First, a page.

Say hello to Einstein, the world's smallest horse. He is a pinto stallion, born in March weighing just 2.7 kg, and is only 35 cm tall. So why is a small horse named after the world's most famous physicist? "We thought the name was befitting of him because he had such a huge head for such a little foal," Einstein's owners Charlie Cantrell and Rachel Wagner from New Hampshire, US, told physicsworld.com.
They also named the horse Einstein because they felt it would be a reminder of two things. The first was that "one has to be intelligent when purchasing a miniature horse [as] they require a massive amount of specialized care". The second was that "Einstein believed in compassion for all living creatures. He was an advocate of humane treatment of animals." Hmm.
Encryption kicks off in the quantum stadium
You might not think that football and quantum cryptography have much in common. But both were combined at this year's FIFA World Cup at the Moses Mabhida Stadium in Durban, where one of the competition's semi-finals took place on 7 July.
The eThekwini Municipality in Durban has teamed up with the Centre for Quantum Technology at the University of KwaZulu-Natal (UKZN) to install a quantum-cryptography-secured telecoms link between the football stadium and the FIFA 2010 World Cup Joint Operation Centre in Durban.
According to UKZN physicist Abdul Mizra, the system was used to ensure the secure transmission of voice and data, including e-mail, during the World Cup. What FIFA boss Sepp Blatter had to say that is so secret remains a mystery.
Brazilian wundergoal revisited
Still on football, many consider the goal scored from a free kick by Brazilian fullback Roberto Carlos against France in 1997 to be one of the best ever. When the São Paulo-born defender struck the ball about 35 m from the French goal, it was initially heading so far wide that it made a ball boy, who was standing a few metres to the right of the goal, duck. But at the last moment the ball curved strongly to the left and just snuck into the net.
Theories for this effect range from the material of the ball, the unusually dry conditions on the night to even a gust of wind. Thirteen years on, Guillaume Dupeux and colleagues at the Ecole Polytechnique in Palaiseau, France, can finally explain the physics behind the curve (New J. Phys. 12 093004).
By firing and tracking tiny polymer spheres through water, the researchers witnessed a "spinning-ball spiral" effect where the friction exerted on a ball by its surroundings slows it down enough for the spin to take over in directing the ball's trajectory and sending it into the goal. The research has been a big hit, with the paper downloaded 10,790 times within two days of being published. And the institution that downloaded the paper the most? Yep, you guessed it: São Paulo University.
Kenyan physics graduate builds aircraft via Wikipedia
After studying physics at the University of Nairobi and then moving into the computer-hardware business, Gabriel Nderitu, 42, cobbled together a two-seater aircraft this year after reading about the principles of aeronautics from that most trusted information source – Wikipedia.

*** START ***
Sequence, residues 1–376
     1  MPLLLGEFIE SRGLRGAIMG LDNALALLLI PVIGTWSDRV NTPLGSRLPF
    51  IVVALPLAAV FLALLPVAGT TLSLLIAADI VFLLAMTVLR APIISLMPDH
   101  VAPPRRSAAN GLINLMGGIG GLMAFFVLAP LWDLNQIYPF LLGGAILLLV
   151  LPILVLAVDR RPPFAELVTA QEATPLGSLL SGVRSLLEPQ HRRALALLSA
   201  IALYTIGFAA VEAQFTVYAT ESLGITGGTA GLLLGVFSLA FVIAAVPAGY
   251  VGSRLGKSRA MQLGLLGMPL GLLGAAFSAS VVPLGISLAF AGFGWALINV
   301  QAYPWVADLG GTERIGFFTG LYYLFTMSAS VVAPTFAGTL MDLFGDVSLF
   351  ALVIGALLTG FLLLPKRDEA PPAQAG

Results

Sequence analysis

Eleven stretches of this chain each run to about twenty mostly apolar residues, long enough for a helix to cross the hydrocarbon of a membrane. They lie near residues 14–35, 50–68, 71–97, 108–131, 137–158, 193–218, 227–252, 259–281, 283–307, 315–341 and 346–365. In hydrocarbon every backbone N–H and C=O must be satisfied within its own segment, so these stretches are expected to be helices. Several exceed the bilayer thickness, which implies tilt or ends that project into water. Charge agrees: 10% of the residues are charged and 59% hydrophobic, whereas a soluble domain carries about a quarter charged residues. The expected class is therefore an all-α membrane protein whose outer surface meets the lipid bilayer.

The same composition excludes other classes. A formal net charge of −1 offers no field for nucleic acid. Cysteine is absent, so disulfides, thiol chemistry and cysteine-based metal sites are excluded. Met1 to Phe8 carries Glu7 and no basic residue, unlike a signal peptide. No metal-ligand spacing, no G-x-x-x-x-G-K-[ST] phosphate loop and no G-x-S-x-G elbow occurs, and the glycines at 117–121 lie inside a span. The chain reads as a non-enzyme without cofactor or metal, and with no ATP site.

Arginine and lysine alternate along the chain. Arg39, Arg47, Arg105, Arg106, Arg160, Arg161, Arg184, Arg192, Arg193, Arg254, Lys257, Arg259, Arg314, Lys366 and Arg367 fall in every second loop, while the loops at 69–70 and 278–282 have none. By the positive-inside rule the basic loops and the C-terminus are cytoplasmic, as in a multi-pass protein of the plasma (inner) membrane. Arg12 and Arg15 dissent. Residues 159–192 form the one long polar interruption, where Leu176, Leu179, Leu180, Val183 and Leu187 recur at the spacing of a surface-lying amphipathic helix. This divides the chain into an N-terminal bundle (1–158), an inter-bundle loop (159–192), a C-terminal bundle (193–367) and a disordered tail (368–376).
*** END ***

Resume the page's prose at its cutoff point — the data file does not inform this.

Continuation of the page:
Nderitu – Kenya's answer to the Wright brothers – began constructing his craft last year and it has so far cost about $8000. Weighing in at 800 kg and built around the engine of a Toyota NZE car, the craft's wings are made from sheets of aluminium and attached to its nose is a 188 cm propeller operating at 4000 rotations per minute.
He downloaded roughly 5 GB of data to design the craft, with Wikipedia serving as the main source of information. However, the project has attracted the attention of the Kenyan Civil Aviation Authority, which has advised Nderitu to stop working on his plane and seemingly missed the more uplifting side to the story.
By 'eck! Particle physicist to (apparently) star in soap opera
And lastly, a story that did not quite happen. Although the article appeared on 1 April, it did, however, still take quite a few of our readers by surprise. We reported that Brian Cox, the University of Manchester particle physicist and a researcher at CERN in Geneva, was set to appear on Coronation Street – the longest-running British TV soap opera.
The show, known affectionately as Corrie, is set in the fictional town of Weatherfield, a suburb of Manchester, and follows a number of dysfunctional families living on the street with the Rovers Return pub as its main social point. Cox, who was born in Oldham, Greater Manchester, will be no stranger to the show or indeed the dialect, which can feature terms such as "eh, chuck?", "nowt" and "by 'eck!"
The Mancunian physicist was expected to play the character Byron Knox, a particle physicist who works at Weatherfield Polytechnic. Although details about the storyline for Cox's character were scarce, physicsworld.com learnt that Knox used to work at CERN but returns to Weatherfield after being sacked for accidentally dropping his meat and potato pie onto an electrical connection at CERN's Large Hadron Collider – stopping the experiment from working. His appearance on the show, alas, never took place, but that doesn't mean it won't happen next year!
You can be sure of more quirky stories from the world of physics next year. See you in 2011!
About the author
Michael Banks is news editor of Physics World